So rather than having it on multiple computer desktops, if your organization is using Google Workspace or Microsoft Office 365, create a spreadsheet and share it with the people who need it. That way, everyone’s working off of the same updated document and you can share with anybody who might need it.
Figure 1 is an example of a spreadsheet for documenting IP addresses. The basic network information is in the top portion and a column of the IP addresses of the subnet where we can fill in the slots as we add devices. If you want to create additional columns to include notes and other information, go ahead. This is just an idea to help you get started.
Inside of this same spreadsheet, we can make additional tabs for any other networks you have such as staff networks or AVL networks in other venues. Simply duplicate the sheet and make your modification. If you have a lot going on, you can make another sheet that has a list of VLANs being used and basic information about them.
As far as organizing your IP addresses, the number one rule is don’t use the same IP address on multiple devices on the same network, and don’t use the same subnet/IP address range on multiple networks in case you need to route them together. That said, there are a few things to do to keep things nice and tidy.
Most networks will be a /24, which is 255.255.255.0. This means that you’ll have 254 addresses available. (Look back to the previous article about IP addressing for a recap.) If you need more addresses than that, you can expand your subnet, but that’ll be pretty rare so we won’t go too far into that. Just know you aren’t limited to 254 addresses.
I like to segment out my IP address range before starting to assign addresses to see how everything will sit. I save a few IP addresses on the front and end of the subnet for IT related things: DHCP servers, switch management IPs, and other infrastructure things. It can be handy for IT folks to have a few for their things.
Then, I create segments for specific things like audio (which we can break down into ranges for consoles, amplifiers/speakers, wireless mics, etc.), video (where we’ll account for switchers, video routers, control surfaces, video recorders, etc.), and segments for computers and tablets. I figure out how many devices of each type that I expect to have on the network and then reserve segments in the subnet that have plenty of room to add more. So if there are six audio devices, I usually give it a range of 20 IPs before I start putting video devices on the spreadsheet.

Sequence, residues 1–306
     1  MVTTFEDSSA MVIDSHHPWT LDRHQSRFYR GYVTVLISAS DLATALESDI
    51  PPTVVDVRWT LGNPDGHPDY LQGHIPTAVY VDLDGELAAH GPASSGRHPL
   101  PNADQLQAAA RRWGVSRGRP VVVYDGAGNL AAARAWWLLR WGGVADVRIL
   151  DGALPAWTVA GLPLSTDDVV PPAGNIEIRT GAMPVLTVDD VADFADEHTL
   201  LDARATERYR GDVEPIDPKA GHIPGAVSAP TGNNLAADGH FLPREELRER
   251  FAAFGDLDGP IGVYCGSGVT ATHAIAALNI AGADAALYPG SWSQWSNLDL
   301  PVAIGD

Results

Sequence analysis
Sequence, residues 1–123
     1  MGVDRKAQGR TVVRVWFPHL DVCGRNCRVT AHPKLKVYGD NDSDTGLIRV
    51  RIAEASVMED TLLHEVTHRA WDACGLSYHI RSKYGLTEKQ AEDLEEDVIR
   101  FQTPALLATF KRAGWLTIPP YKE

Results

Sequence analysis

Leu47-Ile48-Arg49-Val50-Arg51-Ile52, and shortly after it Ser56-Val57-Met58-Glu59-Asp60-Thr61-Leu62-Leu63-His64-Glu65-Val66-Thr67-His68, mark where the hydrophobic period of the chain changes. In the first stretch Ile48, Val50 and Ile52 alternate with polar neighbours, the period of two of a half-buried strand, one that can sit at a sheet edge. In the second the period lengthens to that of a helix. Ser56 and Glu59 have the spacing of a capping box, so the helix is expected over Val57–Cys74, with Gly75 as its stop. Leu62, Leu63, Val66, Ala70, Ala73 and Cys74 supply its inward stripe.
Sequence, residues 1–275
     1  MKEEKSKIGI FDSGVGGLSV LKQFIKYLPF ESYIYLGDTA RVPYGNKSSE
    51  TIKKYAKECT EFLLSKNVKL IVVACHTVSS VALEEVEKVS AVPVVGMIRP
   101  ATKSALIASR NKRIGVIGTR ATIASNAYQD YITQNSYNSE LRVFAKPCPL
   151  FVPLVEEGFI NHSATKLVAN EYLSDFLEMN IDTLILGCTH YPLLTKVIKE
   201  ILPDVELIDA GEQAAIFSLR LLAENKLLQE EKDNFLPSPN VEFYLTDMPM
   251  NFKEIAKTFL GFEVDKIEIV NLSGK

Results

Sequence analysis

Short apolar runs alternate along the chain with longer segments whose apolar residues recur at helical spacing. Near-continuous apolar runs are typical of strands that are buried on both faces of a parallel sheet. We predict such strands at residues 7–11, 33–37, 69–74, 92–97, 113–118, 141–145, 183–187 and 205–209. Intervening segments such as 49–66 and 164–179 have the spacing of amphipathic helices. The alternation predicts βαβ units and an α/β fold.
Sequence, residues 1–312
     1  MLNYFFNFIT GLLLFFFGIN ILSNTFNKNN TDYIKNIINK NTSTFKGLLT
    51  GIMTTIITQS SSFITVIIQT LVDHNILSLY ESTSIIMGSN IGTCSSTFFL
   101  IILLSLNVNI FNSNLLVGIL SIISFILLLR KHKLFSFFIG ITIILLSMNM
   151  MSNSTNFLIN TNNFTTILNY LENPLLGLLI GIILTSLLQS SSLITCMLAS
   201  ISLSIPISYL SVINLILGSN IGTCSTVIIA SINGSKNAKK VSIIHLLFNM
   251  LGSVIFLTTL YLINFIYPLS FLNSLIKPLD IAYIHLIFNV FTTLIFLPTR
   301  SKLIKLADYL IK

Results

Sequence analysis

Here’s where it might be helpful to touch up on using DHCP, which is how devices are assigned an IP address automatically when connecting to a network. This is standard for things like connecting a computer to Wi-Fi so you don’t have to manually assign IP addresses to the computer every time.
But in AVL systems, it can get pretty weird for a couple of reasons. First, you’re not guaranteed to keep the same IP address forever. So, if the video switcher is on DHCP and changes IP addresses, the switcher control surface might not be able to see it anymore without finding its new IP address to configure. Yes, it can be fixed by using DHCP reservations, which makes the DHCP server give the same IP address to a specific device each time, but that flows into the other consideration, which is reliability.
If you have any issues with the AVL switches uplinking to the church’s network and there are critical devices set to DHCP, they might not get IP addresses and not work at all. For that reason, I typically manually assign IP addresses to AVL equipment as much as possible. I’ve had cases where the core network infrastructure of a church has fully crashed, but our AVL systems continued to run normally because none of the equipment was dependent on the rest of the network for their basic operation.
You might also be running a simpler network that’s just a couple of network switches with devices connected to them with no uplinks to other networks or the internet; in that case you might not even have a DHCP server, so manually assigning IP addresses is the way to go.
All that said, DHCP still has its place. Band members bringing their own tablets to control their monitor mixes, connecting a laptop for troubleshooting, or other roles where static IP addresses aren’t critical. So, I also create a range for DHCP in my IP address spreadsheet.
Some best practices in DHCP include having at least double the number of IP addresses available in your DHCP scope than you plan to have in devices. In addition, you’ll also want to set DHCP to hand out IPs for a lease time of half of the average connection time for your users. Some equipment is set to a default of a week, which means that every time a device is connected, that IP address is tied up for a week before it can be reused. By setting it to half the time of the average connection time, that IP address isn’t tied up forever and can be assigned to another device if one shows up.